MFA Interviews 2022: Tracking Fraudsters and Strengthening Financial Education

The new marketing practices of financial products and services were at the center of the AMF Interviews of 22 November 2022. The opportunity to study new models of access to the Stock Exchange and new forms of marketing linked to digitization to uncover the pitfalls and try to narrow down the regulatory stakes.

The Autorité des marchés financiers (AMF) traditionally meets players in the Paris market in November. These Interviews have allowed, this year, to get to know each other Marie-Anne Barbat-Layani, new president of the MFA, and his ambitions for the regulator and to pay close attention to new marketing practices, through two round tablesthe first dedicated to the Stock Exchange, the second to the new forms of marketing linked to digitalisation.

For several weeks, the MFA has been chaired by Marie-Anne Barbat-Layaniformer Secretary General of the Ministry of Economy and Finance and former Director General of the French Banking Federation (FBF).

In this position, he replaces Robert Ophèle, whose non-renewable mandate expired in July 2022.

The new models of access to the stock market

The speakers of this round table shared the double observation:

  • the rejuvenation of investors attested by various studies, including the AMF Savings Barometer 2021.
  • the diversification of access to shares with competition between the traditional scholarshipssuch as Euronext, where the price results from the comparison between supply and demand and where brokerage commissions e new platforms on which those who are called are practiced PFO extension (acronym of “payment for order flow” or “payment for order flow”). These platforms appear to be free (0 commissions) but in reality they are remunerated through commissions retroceded to them by the market makers (who in turn re-invoice them to the end customer by incorporating them in the sale price of the shares).

This PFOF model (pronounced PIFOF) is highly criticized by the AMF for its lack of transparency and for the possible conflicts of interest it generates, the choice of the market maker who places the orders can in fact be made by the platform according to personal considerations (for example example better remuneration) rather than in consideration of the customer’s interest.

Knowing that these new and young investors allocate only small sums – at least initially – to the purchase of shares, some platforms, including Trade Republic invited to participate in the panel, facilitate the purchase of securities traded abroad and the investment of very small amounts (€ 1 per scholarship proposal), and, together with the file of split the shares, with a view to diversification.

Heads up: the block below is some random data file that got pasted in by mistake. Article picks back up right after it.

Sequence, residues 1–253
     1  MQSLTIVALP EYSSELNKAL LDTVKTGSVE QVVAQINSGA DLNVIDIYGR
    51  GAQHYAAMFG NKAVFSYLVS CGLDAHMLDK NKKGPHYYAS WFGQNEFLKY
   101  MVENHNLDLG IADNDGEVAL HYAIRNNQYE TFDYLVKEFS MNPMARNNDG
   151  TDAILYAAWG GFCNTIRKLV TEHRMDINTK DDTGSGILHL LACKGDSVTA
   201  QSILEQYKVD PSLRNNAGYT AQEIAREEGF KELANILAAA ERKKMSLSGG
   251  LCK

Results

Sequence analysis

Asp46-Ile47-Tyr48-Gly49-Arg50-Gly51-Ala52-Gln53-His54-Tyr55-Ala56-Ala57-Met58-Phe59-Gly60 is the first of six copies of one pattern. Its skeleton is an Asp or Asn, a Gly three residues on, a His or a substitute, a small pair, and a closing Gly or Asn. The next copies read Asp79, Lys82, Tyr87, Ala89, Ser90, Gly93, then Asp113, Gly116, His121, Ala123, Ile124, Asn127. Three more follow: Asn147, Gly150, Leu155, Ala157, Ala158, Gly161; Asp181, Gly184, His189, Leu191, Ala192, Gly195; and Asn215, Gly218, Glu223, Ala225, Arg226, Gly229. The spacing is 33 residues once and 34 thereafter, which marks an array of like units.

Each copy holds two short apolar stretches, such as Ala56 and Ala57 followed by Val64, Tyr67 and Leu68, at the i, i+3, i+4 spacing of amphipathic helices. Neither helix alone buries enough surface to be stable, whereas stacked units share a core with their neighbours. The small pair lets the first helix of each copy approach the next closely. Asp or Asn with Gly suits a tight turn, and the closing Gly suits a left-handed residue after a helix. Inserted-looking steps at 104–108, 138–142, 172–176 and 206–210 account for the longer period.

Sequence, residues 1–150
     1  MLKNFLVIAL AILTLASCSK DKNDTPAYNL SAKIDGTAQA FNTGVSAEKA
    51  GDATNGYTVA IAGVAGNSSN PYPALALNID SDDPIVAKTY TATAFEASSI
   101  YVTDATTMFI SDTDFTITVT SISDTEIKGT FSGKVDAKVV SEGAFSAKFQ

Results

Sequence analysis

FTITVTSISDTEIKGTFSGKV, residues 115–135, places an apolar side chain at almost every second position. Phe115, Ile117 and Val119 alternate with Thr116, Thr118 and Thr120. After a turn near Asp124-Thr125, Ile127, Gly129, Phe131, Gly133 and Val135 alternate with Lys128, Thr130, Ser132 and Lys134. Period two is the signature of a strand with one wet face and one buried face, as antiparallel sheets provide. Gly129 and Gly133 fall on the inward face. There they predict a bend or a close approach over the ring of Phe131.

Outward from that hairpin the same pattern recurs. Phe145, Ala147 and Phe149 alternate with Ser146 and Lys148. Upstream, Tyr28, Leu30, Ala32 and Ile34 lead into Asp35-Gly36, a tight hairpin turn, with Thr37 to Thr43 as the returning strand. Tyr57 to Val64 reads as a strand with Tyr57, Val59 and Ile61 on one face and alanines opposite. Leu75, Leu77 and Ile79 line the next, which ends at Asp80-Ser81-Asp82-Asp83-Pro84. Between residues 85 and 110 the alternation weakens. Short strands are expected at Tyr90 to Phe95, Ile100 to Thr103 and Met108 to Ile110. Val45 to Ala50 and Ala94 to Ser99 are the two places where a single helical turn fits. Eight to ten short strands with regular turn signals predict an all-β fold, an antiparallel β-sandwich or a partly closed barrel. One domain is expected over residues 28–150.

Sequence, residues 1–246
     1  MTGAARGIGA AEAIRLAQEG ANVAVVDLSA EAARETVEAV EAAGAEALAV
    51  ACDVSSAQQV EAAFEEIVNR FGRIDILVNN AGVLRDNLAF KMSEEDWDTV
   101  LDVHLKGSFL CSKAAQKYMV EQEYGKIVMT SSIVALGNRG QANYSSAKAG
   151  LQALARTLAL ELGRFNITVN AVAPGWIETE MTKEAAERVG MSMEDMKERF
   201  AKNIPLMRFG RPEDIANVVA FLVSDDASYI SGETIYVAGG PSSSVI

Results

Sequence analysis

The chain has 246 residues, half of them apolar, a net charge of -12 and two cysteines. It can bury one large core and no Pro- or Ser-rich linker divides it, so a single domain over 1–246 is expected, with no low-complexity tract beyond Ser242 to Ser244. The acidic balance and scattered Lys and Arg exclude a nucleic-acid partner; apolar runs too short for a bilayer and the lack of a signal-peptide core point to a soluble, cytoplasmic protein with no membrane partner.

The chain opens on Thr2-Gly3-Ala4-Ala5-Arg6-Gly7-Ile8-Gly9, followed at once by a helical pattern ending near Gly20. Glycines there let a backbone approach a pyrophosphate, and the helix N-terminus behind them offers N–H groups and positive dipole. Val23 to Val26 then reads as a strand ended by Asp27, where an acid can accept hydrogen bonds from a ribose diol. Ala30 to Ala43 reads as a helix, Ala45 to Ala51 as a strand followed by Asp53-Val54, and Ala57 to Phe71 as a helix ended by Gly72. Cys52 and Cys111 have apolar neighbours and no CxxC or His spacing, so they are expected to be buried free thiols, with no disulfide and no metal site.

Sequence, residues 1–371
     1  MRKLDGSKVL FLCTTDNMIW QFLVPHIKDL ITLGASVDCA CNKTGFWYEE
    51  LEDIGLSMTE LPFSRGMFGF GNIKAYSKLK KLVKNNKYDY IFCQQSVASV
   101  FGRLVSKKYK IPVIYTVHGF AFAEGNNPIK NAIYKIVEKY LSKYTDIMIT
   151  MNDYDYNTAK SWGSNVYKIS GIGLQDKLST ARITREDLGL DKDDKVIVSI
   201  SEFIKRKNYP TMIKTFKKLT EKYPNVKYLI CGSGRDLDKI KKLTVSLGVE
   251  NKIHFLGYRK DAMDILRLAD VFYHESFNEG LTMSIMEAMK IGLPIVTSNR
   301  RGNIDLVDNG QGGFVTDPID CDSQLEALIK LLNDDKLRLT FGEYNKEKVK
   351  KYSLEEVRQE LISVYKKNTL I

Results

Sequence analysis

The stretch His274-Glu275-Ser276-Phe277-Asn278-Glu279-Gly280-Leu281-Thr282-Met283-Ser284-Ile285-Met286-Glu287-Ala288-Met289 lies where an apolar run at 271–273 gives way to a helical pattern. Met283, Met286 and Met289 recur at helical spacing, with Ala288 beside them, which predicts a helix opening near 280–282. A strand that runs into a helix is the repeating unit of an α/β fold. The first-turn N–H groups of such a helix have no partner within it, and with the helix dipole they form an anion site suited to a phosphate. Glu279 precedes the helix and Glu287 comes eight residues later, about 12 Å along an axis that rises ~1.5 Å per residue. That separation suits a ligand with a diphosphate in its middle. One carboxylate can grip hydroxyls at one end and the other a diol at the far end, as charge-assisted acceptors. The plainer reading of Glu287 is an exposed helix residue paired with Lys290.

It is not possible to split a share. These platforms – regulated abroad, such as Trade Republic (Germany) – provide for the co-ownership of a securities account which in turn holds the shares. This raises many questions, particularly regarding the exercise of the right to vote.

Marketing and digitization, new challenges

This 2th round table focused on the new forms of advertising, closely linked to social networks and of which the young public is the victim. The practice of influencers, which is nothing more than a new advertising practice, particularly attracts the attention of the regulator who seeks to deconstruct their arguments (easy and fun money) on social networks using the same codes.

The very recent DSA European regulation (Digital Services Act) published on October 27, 2022 should in particular, according to Pierre Chambu, head of the consumer protection and market regulation department at the DGCCRF, oblige platforms to provide information on the interests behind the influencers and in some way behind any advertisement that does not say your name, with the penalty if they do not do it correctly to delete them.

Despite the differences on this or that point, all the rapporteurs of these discussions agreed to support more financial education as the new President of the MFA had done by introducing the debates.

The 1time table-roundgathered around Benoît de Juvigny, general secretary of the MFA, Delphine d’Amarzit, managing director of Euronext, Matthias Baccino, director of Trade Republic for France and Fabrizio Planta of the European Securities and Markets Authority (AEMF).

The 2th table-round gathered around Jérôme Reboul, deputy secretary general of the MFA in charge of regulation and international affairs, Claire Castanet, director of relations with savers and their protection, Thérèse Chambers of the British Financial Conduct Authority, Pierre Chambu of the DGCCRF and Monique Goyens of the BEUC (European Federation of Consumer Associations)

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